Vigorous competition has made many types of day-to-day communication better and more convenient, as seen with overnight delivery, faxes, email, and electronic bill payment. But the Postal Service’s legal monopolies deny the mail-using public the opportunity to benefit from similar improvements. In December, when the U.S. Supreme Court hears U.S. Postal Service v. Flamingo Industries, it will have an opportunity to take one significant step toward changing that.
In fact, the Postal Service is insulated from competition by more than just its legal monopolies. It pays no federal, state, or local taxes, is exempt from most forms of regulation, from antitrust to parking tickets, and can borrow money at minimal cost from the U. S. Treasury.
But the Postal Service also enjoys this preferential treatment when it enters markets outside of its legal monopolies, placing private-sector competitors (that hire workers and pay taxes) at a severe disadvantage. For example, its overnight delivery and pre-paid calling card services compete against companies that cannot avoid taxes and regulations or borrow at subsidized rates.
As a result of Flamingo, the Postal Service may soon have one of its immunities revoked. Flamingo Industries, an Illinois producer of mail sacks, filed suit against the Postal Service after it terminated the company’s contract and instead purchased mail sacks from a Mexican firm. The company claimed the Postal Service’s actions were an effort to suppress competition, and the Ninth U.S. Circuit Court of Appeals upheld its right to sue for a violation of antitrust laws. The Supreme Court will be ruling on whether the Service is subject to antitrust laws when acting outside the fulfillment of its monopoly-protected universal service requirement.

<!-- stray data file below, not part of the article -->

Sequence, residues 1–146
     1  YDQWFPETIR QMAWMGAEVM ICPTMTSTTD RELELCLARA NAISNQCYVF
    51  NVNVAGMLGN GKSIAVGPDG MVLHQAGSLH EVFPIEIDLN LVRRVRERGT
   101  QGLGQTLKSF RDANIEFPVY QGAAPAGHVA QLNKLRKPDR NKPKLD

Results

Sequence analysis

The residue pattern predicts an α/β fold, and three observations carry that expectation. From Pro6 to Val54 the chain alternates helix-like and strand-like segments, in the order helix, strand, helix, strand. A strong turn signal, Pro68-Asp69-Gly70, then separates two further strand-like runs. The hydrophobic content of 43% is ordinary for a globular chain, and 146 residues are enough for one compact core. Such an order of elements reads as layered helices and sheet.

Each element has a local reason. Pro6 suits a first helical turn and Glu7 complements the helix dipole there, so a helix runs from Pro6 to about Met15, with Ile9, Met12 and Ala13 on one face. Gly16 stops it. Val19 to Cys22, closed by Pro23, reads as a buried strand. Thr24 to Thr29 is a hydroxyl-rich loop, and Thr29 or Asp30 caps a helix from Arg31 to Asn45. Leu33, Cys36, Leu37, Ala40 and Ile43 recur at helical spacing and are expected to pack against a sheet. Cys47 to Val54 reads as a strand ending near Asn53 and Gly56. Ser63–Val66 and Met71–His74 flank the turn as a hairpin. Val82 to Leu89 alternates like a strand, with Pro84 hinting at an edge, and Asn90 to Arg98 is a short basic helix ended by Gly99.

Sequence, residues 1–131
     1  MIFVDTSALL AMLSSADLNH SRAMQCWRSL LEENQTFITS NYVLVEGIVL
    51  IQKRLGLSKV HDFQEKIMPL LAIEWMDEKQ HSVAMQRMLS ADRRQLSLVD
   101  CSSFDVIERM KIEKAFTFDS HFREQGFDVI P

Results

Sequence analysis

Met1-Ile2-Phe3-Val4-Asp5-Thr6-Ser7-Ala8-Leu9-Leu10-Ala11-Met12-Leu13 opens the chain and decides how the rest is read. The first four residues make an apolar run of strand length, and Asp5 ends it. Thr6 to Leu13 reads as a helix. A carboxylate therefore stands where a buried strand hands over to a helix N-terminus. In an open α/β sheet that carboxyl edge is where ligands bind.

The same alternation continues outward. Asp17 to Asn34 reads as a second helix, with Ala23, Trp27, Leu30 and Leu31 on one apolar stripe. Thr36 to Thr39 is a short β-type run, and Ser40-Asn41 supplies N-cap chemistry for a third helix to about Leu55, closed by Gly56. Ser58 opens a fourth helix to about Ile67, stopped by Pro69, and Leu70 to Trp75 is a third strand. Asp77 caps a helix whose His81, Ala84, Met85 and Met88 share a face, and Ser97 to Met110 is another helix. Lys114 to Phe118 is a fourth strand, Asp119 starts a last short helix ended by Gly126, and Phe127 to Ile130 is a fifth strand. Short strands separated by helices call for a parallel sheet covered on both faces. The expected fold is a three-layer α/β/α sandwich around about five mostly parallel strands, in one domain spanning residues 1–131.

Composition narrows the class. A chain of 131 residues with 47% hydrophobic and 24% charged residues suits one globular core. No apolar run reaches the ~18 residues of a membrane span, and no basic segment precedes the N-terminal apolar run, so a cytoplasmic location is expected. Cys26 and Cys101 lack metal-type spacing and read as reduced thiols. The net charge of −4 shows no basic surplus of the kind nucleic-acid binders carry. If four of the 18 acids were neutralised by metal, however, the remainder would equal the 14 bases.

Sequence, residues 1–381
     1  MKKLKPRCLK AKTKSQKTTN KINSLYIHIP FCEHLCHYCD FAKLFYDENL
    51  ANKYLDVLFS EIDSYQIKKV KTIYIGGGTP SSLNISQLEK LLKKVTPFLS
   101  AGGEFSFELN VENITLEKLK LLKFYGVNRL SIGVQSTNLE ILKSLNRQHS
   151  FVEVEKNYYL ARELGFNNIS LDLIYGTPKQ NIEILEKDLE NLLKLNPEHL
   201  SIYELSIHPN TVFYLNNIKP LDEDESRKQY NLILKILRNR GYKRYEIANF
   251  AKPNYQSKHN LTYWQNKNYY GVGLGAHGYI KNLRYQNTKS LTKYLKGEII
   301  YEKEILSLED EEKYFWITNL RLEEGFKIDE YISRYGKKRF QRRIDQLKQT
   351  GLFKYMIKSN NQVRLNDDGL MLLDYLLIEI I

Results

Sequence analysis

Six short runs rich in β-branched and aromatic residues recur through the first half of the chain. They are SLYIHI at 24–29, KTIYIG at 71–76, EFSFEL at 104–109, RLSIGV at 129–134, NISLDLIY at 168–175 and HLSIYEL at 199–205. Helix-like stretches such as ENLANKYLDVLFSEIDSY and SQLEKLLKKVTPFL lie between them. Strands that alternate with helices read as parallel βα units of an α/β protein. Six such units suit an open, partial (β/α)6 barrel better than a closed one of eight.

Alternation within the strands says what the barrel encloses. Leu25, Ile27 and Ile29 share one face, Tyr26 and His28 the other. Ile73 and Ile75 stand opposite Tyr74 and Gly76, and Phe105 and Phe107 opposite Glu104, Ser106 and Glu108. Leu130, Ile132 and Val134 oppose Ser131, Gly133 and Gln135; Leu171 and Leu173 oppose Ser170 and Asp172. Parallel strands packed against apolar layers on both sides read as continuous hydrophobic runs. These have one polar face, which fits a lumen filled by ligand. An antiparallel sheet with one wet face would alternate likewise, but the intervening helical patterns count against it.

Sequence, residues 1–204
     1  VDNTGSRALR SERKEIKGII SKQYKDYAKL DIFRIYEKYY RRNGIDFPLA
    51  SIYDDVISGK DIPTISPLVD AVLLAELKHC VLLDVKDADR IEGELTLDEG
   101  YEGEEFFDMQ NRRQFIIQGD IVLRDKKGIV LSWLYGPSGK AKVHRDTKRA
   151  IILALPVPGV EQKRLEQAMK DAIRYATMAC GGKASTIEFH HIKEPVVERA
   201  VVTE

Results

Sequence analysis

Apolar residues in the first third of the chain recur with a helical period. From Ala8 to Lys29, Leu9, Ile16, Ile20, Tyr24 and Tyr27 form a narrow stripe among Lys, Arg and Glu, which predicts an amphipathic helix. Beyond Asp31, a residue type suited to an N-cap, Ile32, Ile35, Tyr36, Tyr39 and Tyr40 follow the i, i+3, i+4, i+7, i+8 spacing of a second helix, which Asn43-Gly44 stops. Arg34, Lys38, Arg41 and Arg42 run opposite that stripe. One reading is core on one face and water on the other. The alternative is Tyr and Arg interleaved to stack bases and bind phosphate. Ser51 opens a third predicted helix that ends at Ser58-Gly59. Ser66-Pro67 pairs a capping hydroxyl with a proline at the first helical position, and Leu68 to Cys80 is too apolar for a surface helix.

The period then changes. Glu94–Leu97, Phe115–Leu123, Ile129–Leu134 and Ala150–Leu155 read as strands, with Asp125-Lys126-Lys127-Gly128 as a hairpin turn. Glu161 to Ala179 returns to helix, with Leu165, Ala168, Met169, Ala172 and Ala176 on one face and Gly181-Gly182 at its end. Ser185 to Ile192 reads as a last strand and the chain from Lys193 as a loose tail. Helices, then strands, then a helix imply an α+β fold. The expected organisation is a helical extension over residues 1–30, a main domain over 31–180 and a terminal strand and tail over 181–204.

There has already been significant momentum in that direction in recent months. This summer, the Presidential Postal Commission recommended that Postal Service activities be restricted to core “essential” postal products. In his testimony to the Commission, Deputy Postmaster General John Nolan even went so far as to suggest that for those products and services outside of that core business, “a requirement to pay taxes and adhere to other regulations should be considered.”
When the Postal Service steps outside its legal monopolies, it should play by the same rules as its competitors. With Flamingo, the Supreme Court has an important opportunity to ensure that will be the case in the future. Ideally, postal consumers would be best served if all carriers and couriers answered to stockholders and competed on a level playing field devoid of excessive regulation. Until then, the Postal Service should be made to operate under the same rules imposed on its competitors.
Michael F. Cannon is Adjunct Scholar and Don Soifer is Executive Vice President of the Lexington Institute.
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